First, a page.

Information for G03551
Planning for climate change: can traditional and government planning processes complement each other for climate resilient growth?
Increasing climate variability and the likelihood of more frequent extreme weather events (e.g. droughts and floods) will create serious challenges for people whose livelihoods strongly depend on climatic conditions,such as farmers and pastoralists. These challenges, which will be particularly pronounced in Tanzania’s drylands, must be proactively addressed if these populations are to adapt to climate change and ensure resilient, sustainable and secure livelihoods.
Research was carried out in three Northern Tanzania districts – Monduli, Longido and Ngorongoro – to better understand how climate change is impacting rural livelihoods, how communities are responding to these changes, and how government planning systems are able to address changing climatic conditions.
It also examined the level of collaboration between government and traditional planning processes and the challenges and potential opportunities for achieving climate resilience and adaptation. Through research,interviews and a multi-stakeholder workshop, recommendations were developed to improve and harmonise planning processes so that they are more supportive, flexible and adaptive to communities and a changing climate.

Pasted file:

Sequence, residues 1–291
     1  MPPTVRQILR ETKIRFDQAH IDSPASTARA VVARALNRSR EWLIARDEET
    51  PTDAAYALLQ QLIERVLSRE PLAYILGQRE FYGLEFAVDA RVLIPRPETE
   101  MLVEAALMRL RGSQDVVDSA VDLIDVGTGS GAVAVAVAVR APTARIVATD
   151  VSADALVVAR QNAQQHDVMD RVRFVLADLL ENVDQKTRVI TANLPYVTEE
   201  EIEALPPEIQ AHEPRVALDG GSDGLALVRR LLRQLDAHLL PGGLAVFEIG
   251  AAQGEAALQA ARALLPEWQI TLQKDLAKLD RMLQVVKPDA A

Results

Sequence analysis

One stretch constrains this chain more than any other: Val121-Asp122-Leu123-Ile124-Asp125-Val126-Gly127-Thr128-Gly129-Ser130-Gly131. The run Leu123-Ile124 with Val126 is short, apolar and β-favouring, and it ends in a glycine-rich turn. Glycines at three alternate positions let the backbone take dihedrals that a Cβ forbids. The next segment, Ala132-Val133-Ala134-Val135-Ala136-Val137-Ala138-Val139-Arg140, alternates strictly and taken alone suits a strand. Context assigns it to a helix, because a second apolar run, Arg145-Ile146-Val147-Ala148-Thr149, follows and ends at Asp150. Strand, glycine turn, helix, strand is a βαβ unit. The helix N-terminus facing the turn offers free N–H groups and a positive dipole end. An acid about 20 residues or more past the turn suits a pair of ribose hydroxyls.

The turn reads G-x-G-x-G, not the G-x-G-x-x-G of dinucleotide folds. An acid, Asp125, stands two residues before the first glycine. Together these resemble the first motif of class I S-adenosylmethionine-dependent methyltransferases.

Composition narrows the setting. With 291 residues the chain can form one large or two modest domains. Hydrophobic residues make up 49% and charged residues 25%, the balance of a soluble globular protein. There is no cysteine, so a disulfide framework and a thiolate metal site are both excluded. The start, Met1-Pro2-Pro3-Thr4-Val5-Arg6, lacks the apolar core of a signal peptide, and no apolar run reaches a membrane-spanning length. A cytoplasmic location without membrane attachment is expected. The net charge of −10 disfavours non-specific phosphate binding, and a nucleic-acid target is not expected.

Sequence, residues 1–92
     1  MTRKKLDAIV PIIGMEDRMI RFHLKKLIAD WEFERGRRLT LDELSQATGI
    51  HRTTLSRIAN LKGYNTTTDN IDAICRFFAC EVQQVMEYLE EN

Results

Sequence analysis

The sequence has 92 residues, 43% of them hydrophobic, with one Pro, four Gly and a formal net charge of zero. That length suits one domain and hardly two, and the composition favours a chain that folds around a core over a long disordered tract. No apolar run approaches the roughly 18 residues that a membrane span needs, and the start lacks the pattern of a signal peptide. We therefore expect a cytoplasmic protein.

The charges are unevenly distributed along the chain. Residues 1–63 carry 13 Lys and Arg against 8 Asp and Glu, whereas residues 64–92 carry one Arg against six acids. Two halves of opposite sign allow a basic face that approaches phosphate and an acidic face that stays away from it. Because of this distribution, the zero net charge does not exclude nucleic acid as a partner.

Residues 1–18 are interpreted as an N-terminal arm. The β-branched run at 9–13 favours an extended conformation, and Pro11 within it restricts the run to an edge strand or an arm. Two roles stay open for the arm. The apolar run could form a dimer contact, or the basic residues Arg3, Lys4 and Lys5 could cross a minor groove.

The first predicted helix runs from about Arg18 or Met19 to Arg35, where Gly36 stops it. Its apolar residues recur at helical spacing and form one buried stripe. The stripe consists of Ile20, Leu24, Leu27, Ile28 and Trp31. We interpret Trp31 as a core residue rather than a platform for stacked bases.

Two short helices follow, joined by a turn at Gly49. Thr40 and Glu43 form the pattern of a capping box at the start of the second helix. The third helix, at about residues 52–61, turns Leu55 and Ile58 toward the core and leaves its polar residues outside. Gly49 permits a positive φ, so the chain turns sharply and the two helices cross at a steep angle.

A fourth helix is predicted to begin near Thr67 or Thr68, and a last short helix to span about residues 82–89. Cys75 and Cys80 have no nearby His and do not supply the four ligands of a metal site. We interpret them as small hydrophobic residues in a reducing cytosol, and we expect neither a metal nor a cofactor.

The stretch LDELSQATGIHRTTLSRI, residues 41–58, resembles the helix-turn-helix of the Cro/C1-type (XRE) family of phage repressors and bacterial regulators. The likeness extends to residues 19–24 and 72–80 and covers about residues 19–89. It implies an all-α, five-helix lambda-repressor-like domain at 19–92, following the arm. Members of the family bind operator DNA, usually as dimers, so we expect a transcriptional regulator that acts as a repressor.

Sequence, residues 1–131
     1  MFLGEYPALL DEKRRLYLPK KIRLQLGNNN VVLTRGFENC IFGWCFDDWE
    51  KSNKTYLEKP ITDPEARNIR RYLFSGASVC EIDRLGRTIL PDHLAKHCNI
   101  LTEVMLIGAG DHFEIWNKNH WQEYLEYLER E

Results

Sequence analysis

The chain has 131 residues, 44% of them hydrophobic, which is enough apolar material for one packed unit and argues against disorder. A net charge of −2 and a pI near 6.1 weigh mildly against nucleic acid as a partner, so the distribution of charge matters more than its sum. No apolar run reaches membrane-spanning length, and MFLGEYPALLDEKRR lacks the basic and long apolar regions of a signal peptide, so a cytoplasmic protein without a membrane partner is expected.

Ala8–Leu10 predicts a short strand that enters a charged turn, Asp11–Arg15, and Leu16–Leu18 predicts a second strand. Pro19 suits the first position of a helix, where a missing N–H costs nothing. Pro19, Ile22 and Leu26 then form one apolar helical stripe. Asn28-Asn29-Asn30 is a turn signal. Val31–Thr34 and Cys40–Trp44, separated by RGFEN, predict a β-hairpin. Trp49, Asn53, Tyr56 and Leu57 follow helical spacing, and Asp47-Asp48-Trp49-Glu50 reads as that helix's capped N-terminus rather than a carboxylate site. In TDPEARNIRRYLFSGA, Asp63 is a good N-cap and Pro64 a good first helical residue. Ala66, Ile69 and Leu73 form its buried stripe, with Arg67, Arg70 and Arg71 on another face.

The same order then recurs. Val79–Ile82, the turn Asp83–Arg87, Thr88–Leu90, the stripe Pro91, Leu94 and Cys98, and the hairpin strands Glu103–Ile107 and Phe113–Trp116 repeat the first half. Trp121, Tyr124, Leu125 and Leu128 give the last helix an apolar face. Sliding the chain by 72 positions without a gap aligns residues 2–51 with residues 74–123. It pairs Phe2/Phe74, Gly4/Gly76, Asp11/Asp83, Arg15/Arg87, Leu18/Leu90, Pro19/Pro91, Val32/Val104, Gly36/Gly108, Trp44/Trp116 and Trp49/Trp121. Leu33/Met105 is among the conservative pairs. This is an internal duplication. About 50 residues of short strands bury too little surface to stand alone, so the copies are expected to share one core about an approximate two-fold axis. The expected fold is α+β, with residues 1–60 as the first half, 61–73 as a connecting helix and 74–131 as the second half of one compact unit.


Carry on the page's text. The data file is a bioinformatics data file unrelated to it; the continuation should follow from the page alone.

District governments in Tanzania are improving their capacity for effective adaptive planning by strengthening planning processes and establishing local adaptation funds. With support from a consortium of government and non-government stakeholders, they are testing a devolved climate finance mechanism for building resilience, which could inform policy and action in other drylands.